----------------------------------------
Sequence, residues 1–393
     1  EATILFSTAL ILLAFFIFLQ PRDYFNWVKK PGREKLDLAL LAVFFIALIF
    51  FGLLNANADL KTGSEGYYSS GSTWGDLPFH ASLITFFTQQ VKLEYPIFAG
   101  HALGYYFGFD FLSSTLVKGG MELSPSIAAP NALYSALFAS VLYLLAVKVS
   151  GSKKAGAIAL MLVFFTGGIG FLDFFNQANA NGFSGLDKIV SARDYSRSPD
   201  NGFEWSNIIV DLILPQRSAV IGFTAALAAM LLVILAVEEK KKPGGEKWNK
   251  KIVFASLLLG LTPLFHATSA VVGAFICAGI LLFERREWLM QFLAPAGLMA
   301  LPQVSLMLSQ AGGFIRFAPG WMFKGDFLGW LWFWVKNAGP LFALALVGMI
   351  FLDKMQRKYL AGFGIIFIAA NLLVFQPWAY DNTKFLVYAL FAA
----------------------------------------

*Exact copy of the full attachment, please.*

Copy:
Sequence, residues 1–393
     1  EATILFSTAL ILLAFFIFLQ PRDYFNWVKK PGREKLDLAL LAVFFIALIF
    51  FGLLNANADL KTGSEGYYSS GSTWGDLPFH ASLITFFTQQ VKLEYPIFAG
   101  HALGYYFGFD FLSSTLVKGG MELSPSIAAP NALYSALFAS VLYLLAVKVS
   151  GSKKAGAIAL MLVFFTGGIG FLDFFNQANA NGFSGLDKIV SARDYSRSPD
   201  NGFEWSNIIV DLILPQRSAV IGFTAALAAM LLVILAVEEK KKPGGEKWNK
   251  KIVFASLLLG LTPLFHATSA VVGAFICAGI LLFERREWLM QFLAPAGLMA
   301  LPQVSLMLSQ AGGFIRFAPG WMFKGDFLGW LWFWVKNAGP LFALALVGMI
   351  FLDKMQRKYL AGFGIIFIAA NLLVFQPWAY DNTKFLVYAL FAA